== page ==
Canadian TV host Cheryl Hickey says lack of affordable care for seniors 'infuriates' her: 'You have no choice'

The former "ET Canada" host and her mother posed together in a new magazine cover.

TV host Cheryl Hickey and her mom Lori advocated for affordable home care for seniors in a 'Mind Over Matter' magazine feature. (Photo by Mathew Tsang/WireImage)
TV host Cheryl Hickey and her mom Lori advocated for affordable home care for seniors in a 'Mind Over Matter' magazine feature. (Photo by Mathew Tsang/WireImage)

Cheryl Hickey and her mom are advocating for improved home care for seniors. On Sunday, the former "ET Canada" host took to Instagram with a carousel of photos, starting with a snap of Mind Over Matter magazine's latest issue with herself and her mother, Lori Hickey, on the front cover.

In the cover photo, the Canadian TV host and her mom hugged in matching all-blue outfits in front of a matching blue backdrop. Cheryl shared an excerpt from the feature article about her father, John Hickey, who passed away in 2023 after developing progressive supranuclear palsy, a rare brain disorder that causes dementia.

The article explained John had become paralyzed from the neck down and spent his final five years living in a care facility. While Cheryl and Lori speak "highly" about the facility, they were left "angry" at the lack of affordable home care options that were available.

"In our society, it's unfortunate that couples who spent 40, 50, 60 years together have to end up being separated in the final stages of life due to illness," Lori weighed in. "Why can't we make home care affordable? Unless you're a multimillionaire you have no choice but to move into a [care] facility," Cheryl added. "That infuriates me."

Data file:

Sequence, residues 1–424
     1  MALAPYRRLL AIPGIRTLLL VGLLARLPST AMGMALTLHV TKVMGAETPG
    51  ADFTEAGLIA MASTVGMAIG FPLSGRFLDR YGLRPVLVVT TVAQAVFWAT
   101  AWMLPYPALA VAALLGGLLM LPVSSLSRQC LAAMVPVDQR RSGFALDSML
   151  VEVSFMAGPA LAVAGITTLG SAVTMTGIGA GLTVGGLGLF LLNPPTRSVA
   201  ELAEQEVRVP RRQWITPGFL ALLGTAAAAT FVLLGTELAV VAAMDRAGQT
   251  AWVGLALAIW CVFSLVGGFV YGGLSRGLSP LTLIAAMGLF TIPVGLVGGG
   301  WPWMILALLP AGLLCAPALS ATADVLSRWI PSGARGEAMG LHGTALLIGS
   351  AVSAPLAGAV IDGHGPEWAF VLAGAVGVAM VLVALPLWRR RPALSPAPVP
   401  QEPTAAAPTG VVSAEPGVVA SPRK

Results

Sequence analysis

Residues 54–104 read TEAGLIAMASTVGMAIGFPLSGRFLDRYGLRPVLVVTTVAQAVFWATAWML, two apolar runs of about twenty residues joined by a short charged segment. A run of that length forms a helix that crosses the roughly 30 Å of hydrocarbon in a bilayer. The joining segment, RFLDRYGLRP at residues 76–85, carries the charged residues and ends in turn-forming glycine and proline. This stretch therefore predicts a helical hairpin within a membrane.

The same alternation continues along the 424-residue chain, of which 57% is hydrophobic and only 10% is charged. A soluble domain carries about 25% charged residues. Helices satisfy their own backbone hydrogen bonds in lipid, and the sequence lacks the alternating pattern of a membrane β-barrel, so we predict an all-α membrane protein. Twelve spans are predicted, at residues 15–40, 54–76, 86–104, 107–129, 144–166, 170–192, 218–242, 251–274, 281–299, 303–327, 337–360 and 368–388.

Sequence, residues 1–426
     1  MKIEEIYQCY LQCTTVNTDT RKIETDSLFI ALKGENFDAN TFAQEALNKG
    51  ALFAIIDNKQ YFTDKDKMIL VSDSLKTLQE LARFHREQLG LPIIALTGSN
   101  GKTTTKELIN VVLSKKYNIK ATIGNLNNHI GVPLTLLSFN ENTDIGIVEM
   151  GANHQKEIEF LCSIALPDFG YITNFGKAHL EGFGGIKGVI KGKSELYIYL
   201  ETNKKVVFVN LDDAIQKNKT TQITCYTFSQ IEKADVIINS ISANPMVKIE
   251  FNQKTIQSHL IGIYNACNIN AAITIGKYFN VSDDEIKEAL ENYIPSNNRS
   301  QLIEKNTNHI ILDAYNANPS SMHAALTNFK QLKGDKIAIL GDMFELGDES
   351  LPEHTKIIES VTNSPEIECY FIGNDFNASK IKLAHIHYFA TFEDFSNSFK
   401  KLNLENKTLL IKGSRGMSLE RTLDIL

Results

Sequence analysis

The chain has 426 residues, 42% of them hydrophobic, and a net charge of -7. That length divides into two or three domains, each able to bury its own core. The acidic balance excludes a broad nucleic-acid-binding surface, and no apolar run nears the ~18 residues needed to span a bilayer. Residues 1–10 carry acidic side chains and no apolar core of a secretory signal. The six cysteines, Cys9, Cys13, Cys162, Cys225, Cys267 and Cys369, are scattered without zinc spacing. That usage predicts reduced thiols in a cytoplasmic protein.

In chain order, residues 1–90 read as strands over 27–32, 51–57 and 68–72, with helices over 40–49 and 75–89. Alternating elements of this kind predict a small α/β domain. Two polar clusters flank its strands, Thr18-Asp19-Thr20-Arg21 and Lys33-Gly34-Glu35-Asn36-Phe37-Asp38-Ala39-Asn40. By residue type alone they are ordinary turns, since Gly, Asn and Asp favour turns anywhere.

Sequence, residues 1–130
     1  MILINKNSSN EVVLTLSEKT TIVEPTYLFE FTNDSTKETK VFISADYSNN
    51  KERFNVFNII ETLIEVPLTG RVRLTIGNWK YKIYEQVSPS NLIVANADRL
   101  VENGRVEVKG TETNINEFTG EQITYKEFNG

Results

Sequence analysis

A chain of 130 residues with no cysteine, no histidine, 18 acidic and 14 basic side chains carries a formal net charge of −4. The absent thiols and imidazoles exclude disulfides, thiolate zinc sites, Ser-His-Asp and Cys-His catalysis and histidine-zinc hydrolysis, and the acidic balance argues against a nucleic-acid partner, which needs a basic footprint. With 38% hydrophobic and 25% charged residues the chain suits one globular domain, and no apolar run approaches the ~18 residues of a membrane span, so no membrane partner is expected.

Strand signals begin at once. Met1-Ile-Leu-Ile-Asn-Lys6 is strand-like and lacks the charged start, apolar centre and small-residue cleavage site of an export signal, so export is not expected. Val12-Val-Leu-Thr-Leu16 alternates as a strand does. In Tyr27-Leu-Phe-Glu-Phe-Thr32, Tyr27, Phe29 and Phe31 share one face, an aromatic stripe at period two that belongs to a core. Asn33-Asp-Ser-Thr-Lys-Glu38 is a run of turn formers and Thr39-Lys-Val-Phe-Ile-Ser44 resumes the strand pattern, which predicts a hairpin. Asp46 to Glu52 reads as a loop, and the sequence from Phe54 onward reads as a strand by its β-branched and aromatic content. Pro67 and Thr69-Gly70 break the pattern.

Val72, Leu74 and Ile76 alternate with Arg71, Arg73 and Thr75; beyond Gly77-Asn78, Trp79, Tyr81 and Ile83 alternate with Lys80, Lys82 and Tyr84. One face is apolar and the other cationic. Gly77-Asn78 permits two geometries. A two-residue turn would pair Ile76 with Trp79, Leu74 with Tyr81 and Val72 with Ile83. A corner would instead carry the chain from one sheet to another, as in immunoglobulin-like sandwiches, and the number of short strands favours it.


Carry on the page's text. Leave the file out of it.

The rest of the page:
In the caption, Cheryl reiterated the importance of addressing issues facing the elder generation, a sentiment she shares with her late father. She noted that she was initially hesitant to participate in the magazine feature and share her anger for "how our parents' generation is being treated.

"I couldn't decide if opening that pain from when dad was alive would be healthy for me. Turns out it was exactly what I needed. I know he would want us to say something. He always did," she penned.

Cheryl emphasized seniors should be able to live out their days in the home they spent their "entire life" working for. "It can't be only the wealthy who given this right, this gift," she wrote.

Her post also shed light on her mom's incredible journey, from arriving in Canada with very little to her name to overcoming countless obstacles with unwavering determination. "From coming to Canada on the boat in Halifax with one small suitcase for her family, to working farm to farm, living in place that was so difficult, only having two changes of clothes as a child, to getting her first toy at 12, to where she is now… is inspiring to say the least. I respect where she has been and the mental strength it has taken to get her where she is," Cheryl shared.

Fans flooded the comment section with supportive messages for the Hickey family.

"What a beautiful cover. And the story is even more impactful. I’m glad you said something. If not us, than who? We need to protect the ones who protected us," Canadian "Cityline" host Tracy Moore commented.

"Amazing!" CTV's "CP24" host Melissa Grelo chimed in.

"Powerful article," fellow former "ET Canada" personality Sangita Patel wrote.

"This is such an important thing for us to be talking about. The way society treats old people after they spent their entire lives working for the man is unacceptable. Thank you for speaking up and telling your story. Our parents deserve better," a fan commented.

"Our parents have contributed so much to society and their needs are discarded in their old age many times as options are limited. More needs to be done in caring for our elderly. Their final years should not be a struggle for them and their family," another added.

Back in 2020, Hickey shared another candid Instagram post about her father while he was still living at the care facility.

Alongside a photo of herself and her dad dancing at her wedding. "Every day we get an update from the long term care home where dad has been been having to live," she wrote in the caption before explaining that at the time, amid the COVID-19 pandemic, there had been an increase of residents passing away.

"I wake up some mornings nauseous in anticipation. Every morning my heart is feeling like my dads world is getting smaller and smaller tighter and tighter," she said. "Some days I find it hard to breath."

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